Gamification in Recruitment
Over recent years gamification has grown in the recruitment field, being attractive due to its potential to improve candidate engagement, enhance hiring decisions and quicken the recruitment process.
Its rise in the recruitment space has come about through the influences of different fields, including behavioural science, neuroscience, and gaming. According to HR Technologist, “gamification uses game theory, mechanics and gaming design to engage digitally with and motivate people for a goal or target achievement.”
One benefit of applying gamification to the recruitment process may be to allow the assessor to observe certain skills or behaviours that are more difficult to see in a traditional interview. Indeed, candidates can be inclined to plan and memorise their answers to interview questions, while the recruiter´s objective is to assess the candidate on a deeper level. By applying game-style assessment techniques, recruiters may be able to overcome this challenge and observe candidates´ real-time decision-making as they are confronted with new information and unfamiliar situations. For example, recruiters can use simulative exercises which expose candidates to scenarios designed to test time management or creativity.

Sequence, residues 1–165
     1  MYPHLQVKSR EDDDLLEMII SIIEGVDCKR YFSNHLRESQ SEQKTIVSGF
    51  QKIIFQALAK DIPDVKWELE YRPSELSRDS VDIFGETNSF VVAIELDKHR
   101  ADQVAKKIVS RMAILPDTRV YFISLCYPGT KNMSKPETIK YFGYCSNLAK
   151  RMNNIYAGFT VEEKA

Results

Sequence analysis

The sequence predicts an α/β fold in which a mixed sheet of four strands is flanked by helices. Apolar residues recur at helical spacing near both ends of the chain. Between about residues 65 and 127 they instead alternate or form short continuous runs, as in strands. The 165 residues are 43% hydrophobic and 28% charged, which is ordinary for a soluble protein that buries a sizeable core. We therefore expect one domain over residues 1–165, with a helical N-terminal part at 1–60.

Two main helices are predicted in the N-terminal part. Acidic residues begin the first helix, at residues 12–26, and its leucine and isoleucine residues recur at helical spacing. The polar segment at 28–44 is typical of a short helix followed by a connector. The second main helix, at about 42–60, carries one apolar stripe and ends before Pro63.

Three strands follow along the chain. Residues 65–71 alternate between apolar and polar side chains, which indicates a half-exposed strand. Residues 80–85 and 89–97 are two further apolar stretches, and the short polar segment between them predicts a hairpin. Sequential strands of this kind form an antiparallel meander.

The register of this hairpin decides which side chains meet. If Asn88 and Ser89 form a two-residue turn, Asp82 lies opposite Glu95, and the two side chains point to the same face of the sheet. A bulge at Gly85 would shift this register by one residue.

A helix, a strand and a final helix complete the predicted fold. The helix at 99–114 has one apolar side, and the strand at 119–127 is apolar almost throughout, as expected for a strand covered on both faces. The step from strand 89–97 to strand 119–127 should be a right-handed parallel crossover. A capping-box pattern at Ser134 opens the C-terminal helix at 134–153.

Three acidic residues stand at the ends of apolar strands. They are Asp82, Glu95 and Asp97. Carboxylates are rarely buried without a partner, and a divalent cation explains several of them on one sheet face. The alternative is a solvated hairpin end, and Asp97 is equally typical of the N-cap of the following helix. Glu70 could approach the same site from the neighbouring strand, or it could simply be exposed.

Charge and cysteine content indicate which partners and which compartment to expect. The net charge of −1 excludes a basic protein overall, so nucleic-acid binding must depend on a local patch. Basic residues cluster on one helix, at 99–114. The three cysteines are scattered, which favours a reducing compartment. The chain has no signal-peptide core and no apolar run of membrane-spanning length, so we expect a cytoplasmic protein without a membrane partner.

Another advantage of simulation is that it can give candidates an insight into the tasks involved in the role. As mentioned in Forbes, one of these companies, a postal service, did so as a measure to combat a high turnover rate, which was becoming a financial drain on the organisation. Applying gamification in this format may be mutually beneficial to the candidate and the employer in terms of job fit and retention: it gives candidates exposure to the work they would be doing in the role and can therefore help them to decide if the job will suit them in the long run, while it simultaneously allows the recruiter to assess how the candidate behaves in a situation modelled on the real job.
In terms of candidate experience, gamification can make the assessment experience more fun and thus improve organisational attractivity, reputation and branding. The gaming element may also help to put candidates at ease, which could mean those who struggle with nerves or performance anxiety will more likely be able to demonstrate their competencies and abilities during the recruitment process.
Additionally, the use of online games in the screening phase may help to reduce time to hire, because it eliminates the time needed for candidates to complete tests and instead provides an instant result. This could reduce the chance that a candidate drops out of the process and thus save the organisation time, resources, and ultimately cost. In one tech startup, replacing the former interview process with a coding gaming challenge produced a 40% shorter interview cycle, as well as a 62% higher offer ratio.
Using gamification in the initial application phase could also bring in employees with a greater breadth of experiences, thereby aiding companies who want to orient recruitment around skills and future potential as opposed to previous experience. Indeed, such an approach may mean that candidates possessing the desirable skills and behaviours are given the opportunity to show them and are not eliminated from the process if they do not possess relevant work experience. This could boost organisational diversity and improve the quality of hires.